Trouble first began on Saturday and the initial story appeared below the fold on Page 5 of The New York Times on Sunday, May 3, 1970. The lead story, at the top of the page, reported that Columbia University had decided to suspend classes for one day on Monday to protest the incursion by United States military forces into Cambodia. This related story originated with the Associated Press:

A fire, deliberately set, had destroyed a one-story wooden

ROTC building at Kent State University in central Ohio.

Students cut hoses and threw rocks, hampering firemen

from fighting the fire. Earlier that day 2,000 students

from the university had clashed with police in the town

of Kent.

This was not an isolated incident of protest. Four days earlier, President Richard M. Nixon addressed the nation explaining the scope and reasons for the Cambodian invasion. Prominent  statesmen such as former Secretary of State, Dean Rusk, and politicians including Nixon’s predecessor, Lyndon B. Johnson, supported the President’s actions. But student protestors reacted angrily following Nixon’s speech. Radical student leaders-initiated violence at Stanford University but, because of the time difference, the news of their rock-throwing protest didn’t make the East Coast papers until Friday’s editions. The Times reported:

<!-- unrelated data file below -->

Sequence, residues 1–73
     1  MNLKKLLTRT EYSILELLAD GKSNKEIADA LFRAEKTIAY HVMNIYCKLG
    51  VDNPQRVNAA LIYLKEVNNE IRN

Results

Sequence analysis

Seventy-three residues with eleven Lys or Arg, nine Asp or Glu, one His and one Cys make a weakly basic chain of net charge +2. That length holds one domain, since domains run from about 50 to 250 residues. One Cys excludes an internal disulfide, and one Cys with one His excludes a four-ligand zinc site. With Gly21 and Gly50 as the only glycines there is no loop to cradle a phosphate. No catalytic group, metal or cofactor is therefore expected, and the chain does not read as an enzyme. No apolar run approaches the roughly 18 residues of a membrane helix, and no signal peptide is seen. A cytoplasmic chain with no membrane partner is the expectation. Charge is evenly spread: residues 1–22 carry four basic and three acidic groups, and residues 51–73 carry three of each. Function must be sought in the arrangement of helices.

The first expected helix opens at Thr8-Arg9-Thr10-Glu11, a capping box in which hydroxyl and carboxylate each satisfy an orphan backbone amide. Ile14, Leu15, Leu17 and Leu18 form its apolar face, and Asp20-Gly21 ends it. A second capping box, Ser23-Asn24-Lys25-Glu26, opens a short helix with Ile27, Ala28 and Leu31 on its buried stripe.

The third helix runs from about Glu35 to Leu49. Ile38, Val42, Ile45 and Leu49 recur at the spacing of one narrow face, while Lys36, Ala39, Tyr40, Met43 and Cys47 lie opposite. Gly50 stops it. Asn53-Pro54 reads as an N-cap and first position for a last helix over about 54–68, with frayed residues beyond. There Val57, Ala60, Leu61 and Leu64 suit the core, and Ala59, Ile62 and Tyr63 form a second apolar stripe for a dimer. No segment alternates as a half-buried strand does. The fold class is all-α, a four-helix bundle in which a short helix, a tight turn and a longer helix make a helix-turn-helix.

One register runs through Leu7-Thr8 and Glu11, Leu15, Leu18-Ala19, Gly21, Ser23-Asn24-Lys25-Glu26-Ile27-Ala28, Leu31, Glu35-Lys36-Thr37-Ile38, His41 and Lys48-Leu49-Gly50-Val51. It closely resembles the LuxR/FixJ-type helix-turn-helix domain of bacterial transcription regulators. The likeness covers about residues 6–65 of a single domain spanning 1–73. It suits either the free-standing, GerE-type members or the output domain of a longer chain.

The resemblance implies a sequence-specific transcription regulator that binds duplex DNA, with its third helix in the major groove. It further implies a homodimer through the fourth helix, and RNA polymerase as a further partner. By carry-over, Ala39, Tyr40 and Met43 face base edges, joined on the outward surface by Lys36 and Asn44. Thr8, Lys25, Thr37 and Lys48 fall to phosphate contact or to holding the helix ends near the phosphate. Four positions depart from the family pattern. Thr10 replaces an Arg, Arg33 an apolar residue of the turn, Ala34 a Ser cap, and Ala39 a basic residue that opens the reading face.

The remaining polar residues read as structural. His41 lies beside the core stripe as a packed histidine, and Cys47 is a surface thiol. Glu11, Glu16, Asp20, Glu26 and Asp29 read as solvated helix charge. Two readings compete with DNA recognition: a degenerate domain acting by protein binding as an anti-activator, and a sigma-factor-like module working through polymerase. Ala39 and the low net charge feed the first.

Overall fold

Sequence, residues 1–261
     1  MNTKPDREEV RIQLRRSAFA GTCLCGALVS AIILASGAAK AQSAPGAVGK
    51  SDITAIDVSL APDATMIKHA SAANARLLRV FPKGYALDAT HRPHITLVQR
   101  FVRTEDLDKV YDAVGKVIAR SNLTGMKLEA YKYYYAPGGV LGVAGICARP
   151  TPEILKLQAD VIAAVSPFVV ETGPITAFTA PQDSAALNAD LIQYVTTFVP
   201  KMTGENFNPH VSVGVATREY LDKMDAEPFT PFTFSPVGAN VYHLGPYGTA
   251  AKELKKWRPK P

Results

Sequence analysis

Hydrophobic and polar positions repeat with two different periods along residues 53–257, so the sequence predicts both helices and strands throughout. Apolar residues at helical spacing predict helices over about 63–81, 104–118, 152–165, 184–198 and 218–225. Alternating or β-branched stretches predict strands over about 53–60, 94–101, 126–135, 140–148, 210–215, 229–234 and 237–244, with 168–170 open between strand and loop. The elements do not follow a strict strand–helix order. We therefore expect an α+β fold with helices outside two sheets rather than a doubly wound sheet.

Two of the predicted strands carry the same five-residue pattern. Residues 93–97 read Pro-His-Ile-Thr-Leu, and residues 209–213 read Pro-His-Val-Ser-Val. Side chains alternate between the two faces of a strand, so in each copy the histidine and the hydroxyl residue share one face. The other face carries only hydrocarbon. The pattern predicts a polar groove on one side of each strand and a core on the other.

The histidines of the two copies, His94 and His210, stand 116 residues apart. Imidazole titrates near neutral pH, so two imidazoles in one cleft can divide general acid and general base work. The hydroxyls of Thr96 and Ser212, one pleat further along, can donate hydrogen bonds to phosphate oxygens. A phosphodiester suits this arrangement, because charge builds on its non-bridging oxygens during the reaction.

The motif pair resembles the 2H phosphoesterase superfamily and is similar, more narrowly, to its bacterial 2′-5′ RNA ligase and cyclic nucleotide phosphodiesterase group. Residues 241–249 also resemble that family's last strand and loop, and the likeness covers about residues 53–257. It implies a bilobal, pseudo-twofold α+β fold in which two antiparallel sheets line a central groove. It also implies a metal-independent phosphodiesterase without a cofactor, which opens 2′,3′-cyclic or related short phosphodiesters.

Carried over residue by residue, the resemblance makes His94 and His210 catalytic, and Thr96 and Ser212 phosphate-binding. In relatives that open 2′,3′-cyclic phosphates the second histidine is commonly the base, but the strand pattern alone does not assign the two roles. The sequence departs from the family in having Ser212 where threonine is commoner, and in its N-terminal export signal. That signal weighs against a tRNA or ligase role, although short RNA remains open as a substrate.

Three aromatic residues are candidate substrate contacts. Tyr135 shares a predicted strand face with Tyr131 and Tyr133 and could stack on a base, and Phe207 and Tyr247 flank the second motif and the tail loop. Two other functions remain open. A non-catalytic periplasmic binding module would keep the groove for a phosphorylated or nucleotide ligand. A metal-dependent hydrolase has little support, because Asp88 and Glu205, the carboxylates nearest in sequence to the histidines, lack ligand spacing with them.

The Times banner headline that morning was about the war, not the protests:



Colleges were in turmoil. Before Nixon’s speech, Ohio State students had already clashed with more than 500 Ohio National Guard troops and state police over the war and civil rights issues. The news story stated that, in the melee, the Guardsmen had fired tear gas while the police fired shotguns, though no pellet wounds were reported. One hundred protestors were arrested and 13 were injured.

But the biggest concern for public safety that weekend was in New Haven, Connecticut, where 20,000 people were expected on Saturday to protest the murder trial of the Black Panther’s national chairman, Bobby Seale. Seale, and eight other Black Panthers, were accused of the torture and murder of Alex Rackley, a 24-year-old Panther. Connecticut’s governor, John Dempsey, was so concerned whether the state police and the national guard could maintain order that he telegraphed attorney general John Mitchell to request federal troops. Mitchell dispatched elements of the 82nd Airborne Division from Fort Bragg and elements of the 2nd Marine Division from Camp Lejeune to federal facilities close to New Haven. However, these soldiers were not needed as only about half of the anticipated 20,000 protestors rallied on Saturday and the organizers decided to end their protests, so they could instead support Seale’s call for a nationwide protest of Nixon’s expanded war.